WESTMINSTER, Colo. — On Thursday, members from the Asian American and Pacific Islander (AAPI) communities and the Westminster Police Department (WPD) presented a united front, with the goal of preventing violence against those in the AAPI community.
The efforts follow the deadly Atlanta spa shootings that killed eight people, six of whom were women of Asian descent.
"It's sad when loss of life is the only thing that gets people's attention," said Howard Chou, first vice chair of the Colorado Democratic Party.
Chou and other leaders in the AAPI community spoke alongside Westminster Police Chief Tim Carlson with action items they hope will keep Asian Americans, Pacific Islanders and other communities of color safe.
"We will diligently investigate all crime perpetuated on any race, ethnicity, gender, belief, religion, language, skin color or any other factor where hatred or bias contribute as a reason for victimizing people in Westminster," said Chief Carlson.
When asked if Westminster had reports of anti-Asian crime, Carlson said they've had it reported before.
"One is too many," he said. "One is too many, so we are taking some proactive steps now to get out in front of those things and identify those underlying issues of prejudice and bias and all those awful things that often spin up into violence."
Carlson said he hoped Thursday's conversation could help establish more trust between members of the APPI community and law enforcement.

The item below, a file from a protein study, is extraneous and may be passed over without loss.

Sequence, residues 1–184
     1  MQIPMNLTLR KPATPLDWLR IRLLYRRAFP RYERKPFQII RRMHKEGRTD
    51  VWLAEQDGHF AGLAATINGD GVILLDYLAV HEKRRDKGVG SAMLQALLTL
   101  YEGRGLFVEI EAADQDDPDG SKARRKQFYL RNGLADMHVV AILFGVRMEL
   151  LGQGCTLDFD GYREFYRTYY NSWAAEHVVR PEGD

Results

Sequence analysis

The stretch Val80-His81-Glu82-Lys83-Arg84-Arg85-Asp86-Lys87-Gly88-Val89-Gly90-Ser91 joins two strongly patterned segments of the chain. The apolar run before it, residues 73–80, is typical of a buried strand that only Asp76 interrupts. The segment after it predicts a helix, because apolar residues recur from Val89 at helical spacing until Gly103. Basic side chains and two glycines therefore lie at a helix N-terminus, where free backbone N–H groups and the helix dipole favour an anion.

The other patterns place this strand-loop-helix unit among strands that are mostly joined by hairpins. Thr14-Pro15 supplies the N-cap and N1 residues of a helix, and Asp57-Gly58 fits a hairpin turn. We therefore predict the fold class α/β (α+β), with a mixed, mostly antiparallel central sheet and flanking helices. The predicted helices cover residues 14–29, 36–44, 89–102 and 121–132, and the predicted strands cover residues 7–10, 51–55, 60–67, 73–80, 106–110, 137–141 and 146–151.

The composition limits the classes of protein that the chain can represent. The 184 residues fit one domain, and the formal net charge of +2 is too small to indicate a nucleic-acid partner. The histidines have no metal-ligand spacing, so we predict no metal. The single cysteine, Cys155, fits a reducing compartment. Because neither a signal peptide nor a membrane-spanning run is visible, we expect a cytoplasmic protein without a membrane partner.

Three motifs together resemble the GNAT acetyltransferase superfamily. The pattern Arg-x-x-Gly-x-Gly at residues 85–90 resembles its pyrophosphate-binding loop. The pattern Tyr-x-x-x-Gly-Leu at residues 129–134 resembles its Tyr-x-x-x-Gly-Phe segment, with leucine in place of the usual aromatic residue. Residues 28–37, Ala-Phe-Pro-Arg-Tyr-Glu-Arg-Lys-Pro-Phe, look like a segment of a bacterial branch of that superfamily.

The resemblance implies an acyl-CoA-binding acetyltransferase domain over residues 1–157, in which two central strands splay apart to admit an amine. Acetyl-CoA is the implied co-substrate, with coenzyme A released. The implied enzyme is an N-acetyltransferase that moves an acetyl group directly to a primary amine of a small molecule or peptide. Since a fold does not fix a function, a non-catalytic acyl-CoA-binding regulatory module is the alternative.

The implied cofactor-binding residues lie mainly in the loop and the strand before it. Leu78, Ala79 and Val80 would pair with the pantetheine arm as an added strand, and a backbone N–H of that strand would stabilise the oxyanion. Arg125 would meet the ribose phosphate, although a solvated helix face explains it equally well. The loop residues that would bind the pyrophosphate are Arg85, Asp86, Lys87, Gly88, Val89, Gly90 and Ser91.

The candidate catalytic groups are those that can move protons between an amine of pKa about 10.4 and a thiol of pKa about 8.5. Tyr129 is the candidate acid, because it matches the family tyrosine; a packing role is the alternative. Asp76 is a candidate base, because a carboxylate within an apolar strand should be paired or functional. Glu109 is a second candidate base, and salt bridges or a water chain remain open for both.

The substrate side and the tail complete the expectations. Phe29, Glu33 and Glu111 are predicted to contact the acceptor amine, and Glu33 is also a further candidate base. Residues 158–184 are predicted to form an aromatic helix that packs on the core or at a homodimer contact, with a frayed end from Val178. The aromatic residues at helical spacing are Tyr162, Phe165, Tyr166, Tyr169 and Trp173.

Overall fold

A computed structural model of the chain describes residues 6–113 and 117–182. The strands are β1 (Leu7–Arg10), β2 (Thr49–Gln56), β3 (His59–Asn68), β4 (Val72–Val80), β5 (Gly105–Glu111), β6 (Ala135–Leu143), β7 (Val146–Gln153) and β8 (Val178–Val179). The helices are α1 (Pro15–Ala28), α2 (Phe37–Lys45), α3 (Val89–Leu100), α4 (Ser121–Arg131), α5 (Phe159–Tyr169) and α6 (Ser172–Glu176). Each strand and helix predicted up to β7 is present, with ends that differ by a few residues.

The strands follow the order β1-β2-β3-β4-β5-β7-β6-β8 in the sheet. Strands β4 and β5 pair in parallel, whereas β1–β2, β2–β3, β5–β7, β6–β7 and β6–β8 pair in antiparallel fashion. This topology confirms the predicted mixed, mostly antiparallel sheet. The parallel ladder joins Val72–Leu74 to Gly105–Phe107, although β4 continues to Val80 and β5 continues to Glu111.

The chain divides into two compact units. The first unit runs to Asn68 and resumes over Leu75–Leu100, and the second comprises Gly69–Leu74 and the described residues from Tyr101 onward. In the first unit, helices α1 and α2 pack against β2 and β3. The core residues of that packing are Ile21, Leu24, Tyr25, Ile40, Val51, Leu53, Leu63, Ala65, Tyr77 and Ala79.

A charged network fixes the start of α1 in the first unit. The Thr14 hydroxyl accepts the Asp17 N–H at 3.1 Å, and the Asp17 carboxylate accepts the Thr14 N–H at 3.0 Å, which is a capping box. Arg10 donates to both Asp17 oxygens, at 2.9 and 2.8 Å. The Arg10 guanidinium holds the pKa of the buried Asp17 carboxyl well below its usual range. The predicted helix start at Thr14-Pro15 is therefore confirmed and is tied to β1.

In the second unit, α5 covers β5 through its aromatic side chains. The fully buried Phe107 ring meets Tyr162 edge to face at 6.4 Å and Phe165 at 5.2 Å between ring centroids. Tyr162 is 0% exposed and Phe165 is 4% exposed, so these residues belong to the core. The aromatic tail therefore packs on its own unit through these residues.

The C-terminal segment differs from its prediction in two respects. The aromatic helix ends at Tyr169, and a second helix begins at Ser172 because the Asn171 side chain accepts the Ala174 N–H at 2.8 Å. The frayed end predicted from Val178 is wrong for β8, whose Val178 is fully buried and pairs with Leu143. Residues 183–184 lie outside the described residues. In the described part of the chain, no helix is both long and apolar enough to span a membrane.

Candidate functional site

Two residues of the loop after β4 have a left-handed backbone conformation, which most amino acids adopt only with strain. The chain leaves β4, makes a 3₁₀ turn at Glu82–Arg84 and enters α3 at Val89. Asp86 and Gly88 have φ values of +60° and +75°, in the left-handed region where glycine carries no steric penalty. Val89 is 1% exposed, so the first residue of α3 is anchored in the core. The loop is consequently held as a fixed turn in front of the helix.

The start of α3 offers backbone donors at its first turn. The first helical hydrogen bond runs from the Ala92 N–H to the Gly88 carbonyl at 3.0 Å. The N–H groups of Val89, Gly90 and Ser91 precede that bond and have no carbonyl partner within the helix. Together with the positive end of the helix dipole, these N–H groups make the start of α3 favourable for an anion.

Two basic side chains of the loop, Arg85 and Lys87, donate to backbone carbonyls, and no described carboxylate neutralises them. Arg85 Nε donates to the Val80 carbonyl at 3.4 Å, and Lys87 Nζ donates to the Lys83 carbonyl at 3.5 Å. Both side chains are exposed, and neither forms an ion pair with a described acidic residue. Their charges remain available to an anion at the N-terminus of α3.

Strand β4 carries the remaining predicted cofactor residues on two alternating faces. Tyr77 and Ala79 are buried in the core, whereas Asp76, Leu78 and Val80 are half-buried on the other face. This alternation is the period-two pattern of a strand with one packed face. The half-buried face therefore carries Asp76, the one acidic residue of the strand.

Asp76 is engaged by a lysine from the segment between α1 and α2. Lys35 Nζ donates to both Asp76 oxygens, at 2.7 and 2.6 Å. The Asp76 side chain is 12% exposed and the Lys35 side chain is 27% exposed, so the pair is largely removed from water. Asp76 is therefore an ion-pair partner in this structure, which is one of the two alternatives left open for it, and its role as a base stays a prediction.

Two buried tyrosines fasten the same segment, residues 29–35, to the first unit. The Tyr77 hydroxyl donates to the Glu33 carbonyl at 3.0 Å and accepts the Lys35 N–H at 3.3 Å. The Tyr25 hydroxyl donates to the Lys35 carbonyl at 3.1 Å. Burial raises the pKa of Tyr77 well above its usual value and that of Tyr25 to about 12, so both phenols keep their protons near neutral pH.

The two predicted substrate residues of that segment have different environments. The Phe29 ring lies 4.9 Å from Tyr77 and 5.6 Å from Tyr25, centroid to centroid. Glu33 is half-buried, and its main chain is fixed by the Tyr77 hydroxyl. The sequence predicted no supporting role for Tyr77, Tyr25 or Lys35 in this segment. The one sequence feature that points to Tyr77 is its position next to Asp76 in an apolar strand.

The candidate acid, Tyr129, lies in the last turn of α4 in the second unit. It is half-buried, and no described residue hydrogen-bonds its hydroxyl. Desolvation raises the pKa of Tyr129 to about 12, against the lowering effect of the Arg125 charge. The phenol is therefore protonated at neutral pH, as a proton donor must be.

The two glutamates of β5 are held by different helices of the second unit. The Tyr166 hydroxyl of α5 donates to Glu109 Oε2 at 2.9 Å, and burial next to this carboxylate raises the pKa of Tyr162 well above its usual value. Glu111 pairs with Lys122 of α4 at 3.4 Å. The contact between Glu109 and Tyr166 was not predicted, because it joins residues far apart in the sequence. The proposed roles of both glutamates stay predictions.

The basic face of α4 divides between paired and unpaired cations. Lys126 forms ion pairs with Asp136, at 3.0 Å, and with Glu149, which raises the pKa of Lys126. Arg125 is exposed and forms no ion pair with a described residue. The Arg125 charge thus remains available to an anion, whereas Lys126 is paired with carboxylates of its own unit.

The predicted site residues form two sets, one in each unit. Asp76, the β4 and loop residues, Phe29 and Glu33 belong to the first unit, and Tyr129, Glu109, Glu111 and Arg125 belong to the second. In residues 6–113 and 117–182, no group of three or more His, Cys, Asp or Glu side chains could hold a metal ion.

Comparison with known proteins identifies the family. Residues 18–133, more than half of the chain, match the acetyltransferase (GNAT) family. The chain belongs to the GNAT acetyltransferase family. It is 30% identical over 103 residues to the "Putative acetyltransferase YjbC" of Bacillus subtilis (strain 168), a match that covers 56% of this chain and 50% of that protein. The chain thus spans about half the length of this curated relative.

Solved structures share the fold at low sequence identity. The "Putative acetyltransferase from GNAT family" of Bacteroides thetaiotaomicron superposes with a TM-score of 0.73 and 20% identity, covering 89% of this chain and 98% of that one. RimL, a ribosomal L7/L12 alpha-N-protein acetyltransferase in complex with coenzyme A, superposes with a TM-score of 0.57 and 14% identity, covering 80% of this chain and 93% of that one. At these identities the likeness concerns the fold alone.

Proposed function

"We believe also that there is a significant amount of under-reporting," Carlson said.
Clarence Low, a member of the Colorado Asian Chamber of Commerce, explained some of the challenges the AAPI community face when reporting to law enforcement.
"The under reporting of crimes and situations that happen particularly among the Asian community can be partially cultural," Low said. "There is certainly an understanding and appreciation that many of our refugees and immigrants arrived in the United States from countries where they didn't have the benefit of having a voice. So (they) come here with that inherent challenge and distrust, whether it's local or federal government — anybody with a uniform or badge. That's understandable, and we strive to change that picture by outreach to our communities. That dialogue and level of trust takes time. It takes effort. There may be some steps backwards, but that's OK. The level of effort to try and reach out is ultimately what will change that picture."
Chou said responsibility also falls on elected leaders and community members.
"When you have hateful racist and xenophobic rhetoric, this is what happens when it goes unchecked. Over the past year we’ve heard some of our high elected officials use hateful, irresponsible rhetoric. Words matter," Chou said.